by April Shepherd, Journalist, Utility Magazine

As the impacts of climate change worsen and put Australia’s energy future under the microscope, renewables are set to play a significant part in the country’s pathway to a low-emissions future. Utility has collated Australia’s most ambitious renewable projects across batteries, bioenergy, solar, wind and hydro, to reveal how the country is making the most of its abundant resources.

As the effects of climate change start to unfold in real-time, Australia is investing in the renewable energy industry.

Australia’s growth of renewable uptake is almost double the global average, with renewable electricity generation doubling over the last decade, and 21 per cent of the country’s total electricity generation coming from renewables in 2019.

The uptake has been driven by solar and wind, with rooftop solar growing a massive 25 per cent in 2019, and large-scale solar growing rapidly; contributing to two per cent of all generation in Australia.

According to a recent International Renewable Energy Agency (IRENA) report, Renewable Capacity Statistics 2021, Oceania’s renewable growth rate was the highest in the world, boasting a 18.5 per cent rise – in comparison, Europe had a six per cent rate and Asia 15 per cent.

Renewable energy uptake will play a significant role in the transition of the National Electricity Market (NEM) to creating sustainable, clean and reliable energy.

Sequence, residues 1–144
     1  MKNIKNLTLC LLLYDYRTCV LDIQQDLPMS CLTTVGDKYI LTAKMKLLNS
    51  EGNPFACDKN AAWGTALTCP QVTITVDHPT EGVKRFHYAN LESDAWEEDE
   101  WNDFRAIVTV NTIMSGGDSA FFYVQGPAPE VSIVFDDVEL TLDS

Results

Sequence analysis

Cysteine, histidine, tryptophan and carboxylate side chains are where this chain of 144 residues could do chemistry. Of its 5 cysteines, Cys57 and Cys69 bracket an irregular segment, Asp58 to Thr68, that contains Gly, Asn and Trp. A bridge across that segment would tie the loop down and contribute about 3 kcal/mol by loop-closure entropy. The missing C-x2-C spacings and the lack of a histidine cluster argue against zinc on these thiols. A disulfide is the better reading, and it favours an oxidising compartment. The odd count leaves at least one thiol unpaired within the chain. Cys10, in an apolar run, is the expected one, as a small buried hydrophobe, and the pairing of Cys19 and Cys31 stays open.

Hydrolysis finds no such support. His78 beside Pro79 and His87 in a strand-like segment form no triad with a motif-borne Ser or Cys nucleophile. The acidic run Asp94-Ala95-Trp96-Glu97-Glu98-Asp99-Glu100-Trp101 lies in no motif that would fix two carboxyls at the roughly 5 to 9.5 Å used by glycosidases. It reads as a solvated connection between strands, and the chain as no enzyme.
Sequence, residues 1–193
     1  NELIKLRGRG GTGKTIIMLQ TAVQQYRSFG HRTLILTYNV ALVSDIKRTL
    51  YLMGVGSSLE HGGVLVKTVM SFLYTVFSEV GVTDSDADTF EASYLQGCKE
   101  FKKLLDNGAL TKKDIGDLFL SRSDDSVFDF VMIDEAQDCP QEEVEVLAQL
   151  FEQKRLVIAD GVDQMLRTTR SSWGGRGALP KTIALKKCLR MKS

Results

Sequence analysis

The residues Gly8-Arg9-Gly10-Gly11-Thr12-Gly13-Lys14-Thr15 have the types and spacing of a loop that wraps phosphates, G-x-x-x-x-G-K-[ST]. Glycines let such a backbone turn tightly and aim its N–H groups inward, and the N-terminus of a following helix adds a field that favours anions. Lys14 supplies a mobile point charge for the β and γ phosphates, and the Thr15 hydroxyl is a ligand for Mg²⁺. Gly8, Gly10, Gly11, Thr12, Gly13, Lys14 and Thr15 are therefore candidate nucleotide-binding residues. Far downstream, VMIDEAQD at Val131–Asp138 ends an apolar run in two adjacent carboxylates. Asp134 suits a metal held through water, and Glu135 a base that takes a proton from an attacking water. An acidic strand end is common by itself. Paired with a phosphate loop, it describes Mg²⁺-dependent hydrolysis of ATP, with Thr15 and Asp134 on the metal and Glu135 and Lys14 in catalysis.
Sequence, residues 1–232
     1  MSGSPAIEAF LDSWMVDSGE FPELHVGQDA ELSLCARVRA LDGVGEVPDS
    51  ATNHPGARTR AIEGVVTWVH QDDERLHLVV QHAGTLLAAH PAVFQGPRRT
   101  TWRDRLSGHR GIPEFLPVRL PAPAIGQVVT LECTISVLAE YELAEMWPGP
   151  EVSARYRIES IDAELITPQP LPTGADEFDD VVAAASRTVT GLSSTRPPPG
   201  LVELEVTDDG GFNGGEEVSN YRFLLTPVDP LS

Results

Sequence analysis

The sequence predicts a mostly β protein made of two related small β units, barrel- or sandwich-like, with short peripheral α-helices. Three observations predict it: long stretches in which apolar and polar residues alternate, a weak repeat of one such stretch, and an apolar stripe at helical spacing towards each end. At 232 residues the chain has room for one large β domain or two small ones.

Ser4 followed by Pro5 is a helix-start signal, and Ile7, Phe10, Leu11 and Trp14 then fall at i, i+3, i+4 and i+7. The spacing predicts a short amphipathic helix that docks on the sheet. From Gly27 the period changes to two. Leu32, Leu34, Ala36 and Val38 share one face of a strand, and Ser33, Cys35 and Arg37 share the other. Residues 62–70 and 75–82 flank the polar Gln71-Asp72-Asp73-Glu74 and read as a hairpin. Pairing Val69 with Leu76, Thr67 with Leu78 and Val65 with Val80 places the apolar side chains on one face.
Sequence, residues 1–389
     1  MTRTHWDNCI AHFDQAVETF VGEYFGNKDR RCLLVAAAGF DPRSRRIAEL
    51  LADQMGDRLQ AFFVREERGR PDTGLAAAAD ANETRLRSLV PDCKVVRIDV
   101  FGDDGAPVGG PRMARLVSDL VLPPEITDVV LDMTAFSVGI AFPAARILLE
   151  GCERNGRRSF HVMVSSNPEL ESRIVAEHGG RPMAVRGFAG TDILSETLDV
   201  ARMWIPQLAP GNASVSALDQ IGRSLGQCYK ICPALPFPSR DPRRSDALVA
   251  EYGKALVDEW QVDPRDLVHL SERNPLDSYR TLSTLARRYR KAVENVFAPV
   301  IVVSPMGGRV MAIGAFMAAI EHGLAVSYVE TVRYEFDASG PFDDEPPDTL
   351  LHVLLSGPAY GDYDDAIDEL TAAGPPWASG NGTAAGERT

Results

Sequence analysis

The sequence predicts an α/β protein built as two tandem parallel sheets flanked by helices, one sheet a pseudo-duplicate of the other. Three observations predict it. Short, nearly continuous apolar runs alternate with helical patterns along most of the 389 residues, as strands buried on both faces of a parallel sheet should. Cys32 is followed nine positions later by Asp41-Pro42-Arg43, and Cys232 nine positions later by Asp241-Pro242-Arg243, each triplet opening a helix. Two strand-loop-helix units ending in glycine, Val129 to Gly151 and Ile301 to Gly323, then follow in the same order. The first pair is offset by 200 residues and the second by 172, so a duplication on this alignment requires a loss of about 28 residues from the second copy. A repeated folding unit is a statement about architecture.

Big battery power

Big batteries are playing a crucial role in the transition to renewable energy, by acting as the ‘power banks’ of the energy world. Traditionally, coal, gas and hydro energy have provided the grid with stability, using frequency control and inertia.

Inertia is supplied by energy sources that have large rotating rotors, acting as a defence for service disruptions, because if the power source wanes, the rotor will keep spinning. However, as these types of energy suppliers reduce in the grid, so does the grid’s back-up storage.

Battery Energy Storage Systems (BESS) provide a backup supply for renewable energy sources, overcoming the problem of intermittent supply when it is not sunny or windy.

When conditions for renewables are ideal, BESS can store excess power created for use when conditions are not as good, or when service is in demand.

The Victorian big battery

The Victorian Big Battery – a 300MW battery the size of a football field in Geelong – began in 2019 and is set to be one of the biggest batteries in the world.

The project is a collaboration between French renewables company Neoen and Tesla Megapack technology – a modular system that is high-density and designed for grid-scale commercial projects, allowing the project to be installed quickly.

The Tesla battery Megapacks are pre-assembled with battery modules, bi-directional inverters, a thermal management system, controls and an AC main breaker, in the one enclosure.

The project’s timeline:

2019-2020: Development stages, involving meeting landowners, choosing a site, designing and gaining government submission approval and ensuring the battery has a grid connection agreement and suitable finance

2021: Construction stage (estimated to take around ten months), received the battery equipment during May, June and into August, construction including building, testing accreditation, grid connection and storing and discharging electricity, with both 180 MVA 220/33kV transformers energised

30 July 2021: During initial testing a megapack caught fire, but the site was electrically isolated and emergency services called